Amidst the flurry of diplomatic consultations that focused on Syria and Iran among other issues at the UN General Assembly, five countries that consider themselves as newly emerging middle powers and G-20 members have banded together in a little-noticed move to form a new consultative group and to create a new acronym: MIKTA (Mexico, Indonesia, Korea, Turkey, and Australia).
In the wake of the weightier but more complicated BRICS grouping, it is too early to predict whether this caucus of middle powers will survive or have influence over the long term, but the establishment of the grouping itself is fascinating both because it is cross-regional and because it espouses potential for increased cooperation. Given the many challenges to global governance, the impulse of these countries to pool their efforts to work together on international issues should be welcomed.
A Turkish foreign ministry statement describes the countries as having “similar characteristics with regard to their peaceful and constructive approaches to international issues, their democratic political structures, and their rapidly growing economies.” The South Korean foreign ministry described the meeting as “one between middle power nations that share core values of democracy and free market economy and have the willingness and capability to contribute to the international community’s development.”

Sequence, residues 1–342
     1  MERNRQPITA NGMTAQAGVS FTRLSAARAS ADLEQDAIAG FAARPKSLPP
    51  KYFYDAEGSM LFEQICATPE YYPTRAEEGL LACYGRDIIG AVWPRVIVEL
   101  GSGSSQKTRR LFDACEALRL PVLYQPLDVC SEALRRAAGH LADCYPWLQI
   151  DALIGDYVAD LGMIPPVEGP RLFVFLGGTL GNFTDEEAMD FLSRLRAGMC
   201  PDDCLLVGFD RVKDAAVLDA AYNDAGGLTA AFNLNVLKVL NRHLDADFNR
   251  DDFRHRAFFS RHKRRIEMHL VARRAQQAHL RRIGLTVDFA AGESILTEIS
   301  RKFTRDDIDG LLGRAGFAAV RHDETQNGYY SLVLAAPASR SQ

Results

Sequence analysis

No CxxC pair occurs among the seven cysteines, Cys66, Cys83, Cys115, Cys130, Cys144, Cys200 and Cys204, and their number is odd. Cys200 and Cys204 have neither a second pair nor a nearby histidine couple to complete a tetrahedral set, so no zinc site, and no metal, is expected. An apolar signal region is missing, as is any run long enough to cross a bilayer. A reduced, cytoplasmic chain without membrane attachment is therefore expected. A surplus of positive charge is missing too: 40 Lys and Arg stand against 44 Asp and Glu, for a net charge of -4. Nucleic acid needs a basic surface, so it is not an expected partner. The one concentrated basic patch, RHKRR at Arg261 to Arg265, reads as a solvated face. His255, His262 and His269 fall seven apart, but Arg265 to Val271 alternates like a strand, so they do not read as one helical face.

The five countries have agreed that Mexico will serve as the first secretary for the new informal consultative body, which ostensibly shares common interests on issues such as G-20 governance, UN reforms, climate change, nuclear disarmament, and democratization. An interesting test and opportunity for the new grouping may be whether cooperation among these countries might contribute to driving more focused issue-based cooperation within the G-20.
For South Korea, the grouping has the potential to play an important role in widening the country’s diplomatic aperture beyond an alliance with the United States and a focus on relations with the four surrounding major powers (Russia, China, Japan, and the United States). South Korean academics have actively discussed South Korea’s emergence as a middle power and its potential contributions to international governance. The best piece on the subject thus far by Sook-jong Lee of the East Asian Institute argues that the diffusion of power in international relations and the rising importance of networks provides new opportunities for South Korea to exercise multilateral middle power diplomacy, despite constraints arising from Sino-U.S. competition and from North Korea.
As South Korea’s interests and influence have grown in recent years, it has shown a capacity to play an important role in a wide range of governance issues from financial stability to development cooperation and green growth to nuclear safety and international security. South Korea’s emerging efforts to contribute to international leadership are well documented in a forthcoming volume by G. John Ikenberry and Jongryn Mo. South Korean alignment with other middle power democracies such as Indonesia, Australia, Turkey and Mexico is an important development in South Korean diplomacy that should enhance its efforts as a middle power to contribute to global governance.